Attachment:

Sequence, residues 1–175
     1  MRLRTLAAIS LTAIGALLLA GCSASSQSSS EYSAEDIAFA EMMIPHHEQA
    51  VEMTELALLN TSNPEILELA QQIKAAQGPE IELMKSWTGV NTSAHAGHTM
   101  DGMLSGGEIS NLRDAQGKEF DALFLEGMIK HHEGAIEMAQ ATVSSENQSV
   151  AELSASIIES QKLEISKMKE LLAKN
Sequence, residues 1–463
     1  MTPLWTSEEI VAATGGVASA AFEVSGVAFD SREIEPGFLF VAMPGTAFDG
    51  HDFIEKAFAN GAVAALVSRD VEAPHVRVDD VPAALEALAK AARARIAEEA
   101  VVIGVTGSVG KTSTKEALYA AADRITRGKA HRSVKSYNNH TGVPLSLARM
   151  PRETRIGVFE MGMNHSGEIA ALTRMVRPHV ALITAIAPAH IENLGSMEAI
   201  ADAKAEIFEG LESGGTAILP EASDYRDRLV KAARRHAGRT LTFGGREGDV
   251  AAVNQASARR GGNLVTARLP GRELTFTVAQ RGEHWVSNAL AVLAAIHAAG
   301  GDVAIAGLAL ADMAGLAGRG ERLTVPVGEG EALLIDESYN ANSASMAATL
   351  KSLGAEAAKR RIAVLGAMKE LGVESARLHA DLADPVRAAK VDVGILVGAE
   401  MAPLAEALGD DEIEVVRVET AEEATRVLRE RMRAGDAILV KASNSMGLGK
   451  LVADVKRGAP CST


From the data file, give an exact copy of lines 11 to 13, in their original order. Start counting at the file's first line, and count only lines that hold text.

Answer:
   201  ADAKAEIFEG LESGGTAILP EASDYRDRLV KAARRHAGRT LTFGGREGDV
   251  AAVNQASARR GGNLVTARLP GRELTFTVAQ RGEHWVSNAL AVLAAIHAAG
   301  GDVAIAGLAL ADMAGLAGRG ERLTVPVGEG EALLIDESYN ANSASMAATL